We read in history of a proof of love so prodigious that it will be the admiration of all ages.
There was once a king, lord of many kingdoms, who had one only son, so beautiful, so holy, so amiable, that he was the delight of his father, who loved him as much as himself. This young prince had a great affection for one of his slaves; so much so that, the slave having committed a crime for which he had been condemned to death, the prince offered himself to die for the slave; the father, being jealous of justice, was satisfied to condemn his beloved son to death, in order that the slave might remain free from the punishment that he deserved: and thus the son died a malefactor's death, and the slave was freed from punishment.
This fact, the like of which has never happened in this world, and never will happen, is related in the Gospels, where we read that the Son of God, the Lord of the universe, seeing that man was condemned to eternal death in punishment of his sins, chose to take upon Himself human flesh, and thus to pay by His death the penalty due to man: He was offered because it was His own will (Is. 53:7). And his Eternal Father caused him to die upon the cross to save us miserable sinners: He spared not his own Son, but delivered Him up for us all (Rom. 8:32). What dost thou think, O devout soul, of this love of the Son and of the Father?
Thou didst, then, O my beloved Redeemer, choose by Thy death to sacrifice Thyself in order to obtain the pardon of my sins. And what return of gratitude shall I then make to Thee? Thou hast done too much to oblige me to love Thee; I should indeed be most ungrateful to Thee if I did not love Thee with my whole heart. Thou hast given for me Thy divine life; I, miserable sinner that I am, give Thee my own life. Yes, I will at least spend that period of my life that remains to me only in loving Thee, obeying Thee, and pleasing Thee.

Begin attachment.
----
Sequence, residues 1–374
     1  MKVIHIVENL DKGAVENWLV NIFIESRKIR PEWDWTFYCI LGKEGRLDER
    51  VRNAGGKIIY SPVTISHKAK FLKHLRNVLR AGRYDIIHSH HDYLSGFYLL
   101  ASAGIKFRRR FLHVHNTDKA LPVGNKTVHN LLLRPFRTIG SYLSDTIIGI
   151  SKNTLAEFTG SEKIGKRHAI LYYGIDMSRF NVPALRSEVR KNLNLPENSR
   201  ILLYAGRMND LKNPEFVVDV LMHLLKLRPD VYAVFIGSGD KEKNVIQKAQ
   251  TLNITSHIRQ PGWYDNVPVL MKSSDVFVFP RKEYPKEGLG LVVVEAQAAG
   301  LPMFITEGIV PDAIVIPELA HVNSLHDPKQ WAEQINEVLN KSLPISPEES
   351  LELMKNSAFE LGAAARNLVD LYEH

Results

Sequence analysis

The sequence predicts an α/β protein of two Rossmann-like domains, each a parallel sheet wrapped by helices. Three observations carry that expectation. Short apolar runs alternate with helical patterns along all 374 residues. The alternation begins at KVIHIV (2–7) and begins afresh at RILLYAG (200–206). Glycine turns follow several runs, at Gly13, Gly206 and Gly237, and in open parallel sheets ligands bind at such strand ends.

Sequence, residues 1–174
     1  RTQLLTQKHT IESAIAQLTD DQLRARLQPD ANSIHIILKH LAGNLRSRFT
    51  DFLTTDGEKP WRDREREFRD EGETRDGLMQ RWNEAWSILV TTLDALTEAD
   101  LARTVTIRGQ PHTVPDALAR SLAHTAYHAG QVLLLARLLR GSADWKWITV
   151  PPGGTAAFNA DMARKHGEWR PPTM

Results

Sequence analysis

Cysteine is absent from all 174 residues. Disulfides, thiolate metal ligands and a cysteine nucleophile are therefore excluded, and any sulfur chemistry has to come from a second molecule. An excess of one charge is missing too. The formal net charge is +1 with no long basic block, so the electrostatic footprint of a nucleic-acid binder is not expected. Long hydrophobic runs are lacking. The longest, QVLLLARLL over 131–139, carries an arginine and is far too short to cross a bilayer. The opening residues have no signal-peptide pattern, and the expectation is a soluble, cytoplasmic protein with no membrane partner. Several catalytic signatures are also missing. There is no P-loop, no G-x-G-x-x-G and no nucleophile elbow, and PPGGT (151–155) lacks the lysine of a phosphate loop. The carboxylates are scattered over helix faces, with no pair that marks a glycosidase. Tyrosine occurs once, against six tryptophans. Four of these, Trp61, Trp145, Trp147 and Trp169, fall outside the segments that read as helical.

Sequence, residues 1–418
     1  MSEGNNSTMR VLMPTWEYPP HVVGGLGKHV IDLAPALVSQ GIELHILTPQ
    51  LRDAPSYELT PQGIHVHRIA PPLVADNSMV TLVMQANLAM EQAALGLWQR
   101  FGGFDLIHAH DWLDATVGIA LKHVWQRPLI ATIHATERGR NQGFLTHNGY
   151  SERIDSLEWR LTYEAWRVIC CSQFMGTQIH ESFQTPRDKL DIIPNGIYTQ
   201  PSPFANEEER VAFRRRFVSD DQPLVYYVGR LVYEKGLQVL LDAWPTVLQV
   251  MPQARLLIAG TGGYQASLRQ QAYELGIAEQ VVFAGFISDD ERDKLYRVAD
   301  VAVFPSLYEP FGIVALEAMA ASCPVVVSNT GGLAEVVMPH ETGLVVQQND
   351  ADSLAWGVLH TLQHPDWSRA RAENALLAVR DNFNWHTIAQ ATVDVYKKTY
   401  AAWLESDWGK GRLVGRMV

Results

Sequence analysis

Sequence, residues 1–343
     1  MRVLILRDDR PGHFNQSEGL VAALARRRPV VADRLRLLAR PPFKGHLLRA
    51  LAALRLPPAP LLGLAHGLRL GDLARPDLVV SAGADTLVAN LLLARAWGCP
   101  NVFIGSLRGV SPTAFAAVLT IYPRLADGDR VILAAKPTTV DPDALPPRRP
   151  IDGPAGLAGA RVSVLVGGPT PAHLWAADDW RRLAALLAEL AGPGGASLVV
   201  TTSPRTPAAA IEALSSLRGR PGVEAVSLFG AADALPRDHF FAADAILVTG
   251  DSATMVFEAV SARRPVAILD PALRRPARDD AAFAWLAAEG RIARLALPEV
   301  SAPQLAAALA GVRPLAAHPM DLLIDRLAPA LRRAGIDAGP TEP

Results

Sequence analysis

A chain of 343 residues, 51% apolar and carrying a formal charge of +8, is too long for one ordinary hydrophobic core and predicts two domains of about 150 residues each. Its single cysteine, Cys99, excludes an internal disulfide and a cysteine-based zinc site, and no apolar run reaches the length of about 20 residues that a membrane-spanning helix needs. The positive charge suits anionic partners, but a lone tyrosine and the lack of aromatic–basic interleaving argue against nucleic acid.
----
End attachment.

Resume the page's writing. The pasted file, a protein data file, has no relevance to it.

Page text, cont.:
O men, men! let us love this our Redeemer, who, being God, has not disdained to take upon Himself our sins, in order to satisfy by His sufferings for the chastisement which we have deserved: Surely He hath borne our infirmities, and carried our sorrows (Is. 53:4)
St. Augustine says that our Lord in creating us formed us by virtue of His power, but in redeeming us He has saved us from death by means of His sufferings: "He created us in his strength; he sought us back in his weakness."
How much do I not owe Thee, O Jesus my Saviour! Oh, if I were to give my blood a thousand times over,--if I were to spend a thousand lives for Thee,--it would yet be nothing. Oh, how could anyone that meditated much on the love which Thou hast shown him in Thy Passion, love anything else but Thee? Through the love with which Thou didst love us on the cross, grant me the grace to love Thee with my whole heart. I love Thee, infinite Goodness; I love Thee above every other good; and I ask nothing more of Thee but Thy holy love.
Saturday, April 19, 2014
A Love so Great It Will Be the Admiration of the Ages
(The following is an excerpt from the classic book, The Passion and Death of Jesus Christ, by St. Alphonsus Liguori.)